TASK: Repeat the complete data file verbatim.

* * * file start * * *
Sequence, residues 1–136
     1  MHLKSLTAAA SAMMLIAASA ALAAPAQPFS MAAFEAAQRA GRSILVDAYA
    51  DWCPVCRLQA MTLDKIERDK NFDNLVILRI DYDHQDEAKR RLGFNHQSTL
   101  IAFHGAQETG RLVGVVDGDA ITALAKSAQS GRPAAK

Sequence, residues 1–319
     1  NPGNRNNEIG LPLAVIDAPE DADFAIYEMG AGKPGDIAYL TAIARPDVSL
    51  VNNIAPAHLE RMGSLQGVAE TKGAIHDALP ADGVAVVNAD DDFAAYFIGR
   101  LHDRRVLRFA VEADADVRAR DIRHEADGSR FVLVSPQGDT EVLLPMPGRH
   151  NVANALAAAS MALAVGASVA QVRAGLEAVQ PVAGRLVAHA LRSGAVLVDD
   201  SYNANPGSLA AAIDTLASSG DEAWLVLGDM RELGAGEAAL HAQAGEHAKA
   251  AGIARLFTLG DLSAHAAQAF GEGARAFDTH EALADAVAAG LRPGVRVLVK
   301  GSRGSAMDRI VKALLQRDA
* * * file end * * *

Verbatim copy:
Sequence, residues 1–136
     1  MHLKSLTAAA SAMMLIAASA ALAAPAQPFS MAAFEAAQRA GRSILVDAYA
    51  DWCPVCRLQA MTLDKIERDK NFDNLVILRI DYDHQDEAKR RLGFNHQSTL
   101  IAFHGAQETG RLVGVVDGDA ITALAKSAQS GRPAAK

Sequence, residues 1–319
     1  NPGNRNNEIG LPLAVIDAPE DADFAIYEMG AGKPGDIAYL TAIARPDVSL
    51  VNNIAPAHLE RMGSLQGVAE TKGAIHDALP ADGVAVVNAD DDFAAYFIGR
   101  LHDRRVLRFA VEADADVRAR DIRHEADGSR FVLVSPQGDT EVLLPMPGRH
   151  NVANALAAAS MALAVGASVA QVRAGLEAVQ PVAGRLVAHA LRSGAVLVDD
   201  SYNANPGSLA AAIDTLASSG DEAWLVLGDM RELGAGEAAL HAQAGEHAKA
   251  AGIARLFTLG DLSAHAAQAF GEGARAFDTH EALADAVAAG LRPGVRVLVK
   301  GSRGSAMDRI VKALLQRDA